Mexican restaurants scramble, get creative to survive during tough pandemic times
Some in Chicago have offered outdoor dining for the first time. Others have tweaked their menus to be more carryout-friendly.
In the decade that Kevin Suarez has worked at Mi Tierra Restaurant in Little Village, he has seen the popular business go through a change of ownership, a fluctuating local economy, several makeovers and a variety of clientele and performers.
But never has the survival of the Mexican restaurant been so precarious as during the COVID-19 pandemic.
“It affected us because this restaurant has a lot of capacity and many employees on staff,” Suarez said. “In the beginning, we laid off a lot of people, and we’re practically counting this year as a loss.”
Latino restaurants had no choice but to adapt to the public health crisis. For many immigrant owners, their businesses are their only lifelines. It was do or die.
Mi Tierra, known for extravagant dishes consisting primarily of grilled meats and traditional cuisine, introduced a special menu — more reasonable portions and more affordable — that would make carryout options attractive. It also ramped up online sales with delivery via Uber, GrubHub and DoorDash.
“We then opened up our parking lot and took our live-music performances outdoors on weekends” after Mayor Lori Lightfoot relaxed pandemic restrictions on restaurants said Suarez, who is Mi Tierra’s general manager.
Alejandro Reyes, manager of La Costa Restaurant in Belmont-Cragin on the Northwest Side, said he didn’t understand the gravity of COVID-19 until his Chicago seafood providers halted operations.
“I was in awe because here we were, the crowds packing the place, with people lined up on the sidewalk to wait for a table, while the mariachi played,” Reyes said.
La Costa had 55 employees. Payroll was reduced to a rotation of 15 workers a day.
The restaurant kept its regular menu, and carryout and delivery were surprisingly successful, according to Reyes, who says customers kept coming for its Nayarit-style dishes including shrimp empanadas, ceviches and spicy crab legs.
Mi Tierra and La Costa applied for temporary permits from the city of Chicago to offer outdoor dining when the city expedited the permit process because of the economic impact of the pandemic.
“The regular patio permit was a super-complicated process,” Reyes said. “It required architectural drawings, strict specifications. You gotta get your local authorities to sign off on it, like the alderman and the fire marshal. It’s a drag.”
More than 250 bars and restaurants have been able to apply to operate outdoors temporarily.
Aside from its back patio, La Costa has vertical windows on the front facade that open up like an accordion to give customers a view of the street. It allows for ventilation, while people waiting on the sidewalk can listen to the live norteño music playing inside.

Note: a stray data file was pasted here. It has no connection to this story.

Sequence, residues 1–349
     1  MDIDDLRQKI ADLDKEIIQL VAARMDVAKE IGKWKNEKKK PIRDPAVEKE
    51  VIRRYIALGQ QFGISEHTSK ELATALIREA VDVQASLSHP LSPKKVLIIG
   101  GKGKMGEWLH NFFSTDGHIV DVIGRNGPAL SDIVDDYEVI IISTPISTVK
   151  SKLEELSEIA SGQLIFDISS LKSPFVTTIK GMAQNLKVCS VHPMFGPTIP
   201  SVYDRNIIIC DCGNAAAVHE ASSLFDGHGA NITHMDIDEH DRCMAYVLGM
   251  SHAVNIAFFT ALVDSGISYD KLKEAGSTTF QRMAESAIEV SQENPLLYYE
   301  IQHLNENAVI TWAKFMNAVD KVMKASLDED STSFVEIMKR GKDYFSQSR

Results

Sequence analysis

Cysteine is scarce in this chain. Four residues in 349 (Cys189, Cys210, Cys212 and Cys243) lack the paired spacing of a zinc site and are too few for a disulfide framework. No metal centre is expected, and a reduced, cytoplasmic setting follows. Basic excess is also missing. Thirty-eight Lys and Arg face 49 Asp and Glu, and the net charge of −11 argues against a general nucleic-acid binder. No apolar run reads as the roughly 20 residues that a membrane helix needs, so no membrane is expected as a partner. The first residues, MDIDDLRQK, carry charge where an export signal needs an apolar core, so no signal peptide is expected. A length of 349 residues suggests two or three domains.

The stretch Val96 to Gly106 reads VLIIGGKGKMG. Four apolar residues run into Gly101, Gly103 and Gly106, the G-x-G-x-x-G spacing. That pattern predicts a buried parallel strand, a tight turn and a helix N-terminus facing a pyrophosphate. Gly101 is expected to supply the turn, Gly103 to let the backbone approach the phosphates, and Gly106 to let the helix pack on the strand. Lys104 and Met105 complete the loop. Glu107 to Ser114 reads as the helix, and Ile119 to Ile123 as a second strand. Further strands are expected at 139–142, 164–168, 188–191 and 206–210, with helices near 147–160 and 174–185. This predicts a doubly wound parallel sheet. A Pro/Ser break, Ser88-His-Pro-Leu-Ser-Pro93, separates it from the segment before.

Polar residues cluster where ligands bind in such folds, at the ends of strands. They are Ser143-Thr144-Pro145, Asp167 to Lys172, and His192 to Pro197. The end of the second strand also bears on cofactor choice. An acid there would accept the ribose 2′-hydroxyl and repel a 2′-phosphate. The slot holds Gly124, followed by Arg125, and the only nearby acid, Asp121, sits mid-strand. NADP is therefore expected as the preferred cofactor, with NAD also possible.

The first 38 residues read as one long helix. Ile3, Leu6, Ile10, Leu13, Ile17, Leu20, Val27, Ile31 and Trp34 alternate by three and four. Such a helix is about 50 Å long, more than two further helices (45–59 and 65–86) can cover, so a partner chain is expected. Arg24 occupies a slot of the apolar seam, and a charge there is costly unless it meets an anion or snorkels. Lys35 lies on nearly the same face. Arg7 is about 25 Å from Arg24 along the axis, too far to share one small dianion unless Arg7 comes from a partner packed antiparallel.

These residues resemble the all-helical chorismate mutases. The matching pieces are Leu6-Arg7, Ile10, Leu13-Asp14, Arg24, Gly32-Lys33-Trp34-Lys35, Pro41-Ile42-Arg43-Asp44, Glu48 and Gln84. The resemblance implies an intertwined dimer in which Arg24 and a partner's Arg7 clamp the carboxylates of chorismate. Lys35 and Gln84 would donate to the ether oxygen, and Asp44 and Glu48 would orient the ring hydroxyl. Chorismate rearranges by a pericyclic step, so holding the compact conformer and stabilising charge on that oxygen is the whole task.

La Voz Chicago publishes Chicago news in Spanish every day, but we also recognize a need to serve the Hispanic community in a variety of ways. That’s why we’re publishing this special COVID-19 community service section, overseen by our La Voz Chicago editor, Jackie Serrato.
Per city guidelines, restaurant operators do not need any additional permits to run “an indoor space where 50% or more of a wall can be removed via the opening of windows, doors, or panels.”
Those restaurants that didn’t seek a permit found other ways to operate safely during COVID-19, like setting up improvised food stands in front of their buildings.
Andrés Reyes of Birrieria Ocotlán had to close one of his two locations in the beginning of the stay-at-home order, while at the South Chicago location, “We put employees in hazmat suits and gloves while taking orders outside,” he said.
Eventually he reopened and installed a sliding walk-up window on the front of both restaurants, which have had great reception.
“Birria has been in my family for a little over a century now, my father began here in Chicago back in 1973,” he said of his family restaurants, which are famous for their traditional Jalisco-style goat dishes.
That legacy is why keeping the business going was not a question. Lately, he’s been promoting his own version of the trendy quesabirria, the “quesataco”, a street food that consists of a birria quesadilla that’s dunked in the goat broth.
Reyes recently purchased a food truck that he’s calling El Chivo (The Goat) on Wheels, and should be more dynamic to operate during the remainder of the pandemic.
Because outdoor dining can’t always be practical in Chicago.
“Winter is coming,” Suarez said. “Mi Tierra staff is bracing for any situation. We’re already discussing innovating safe ways to serve our customers well into next year.”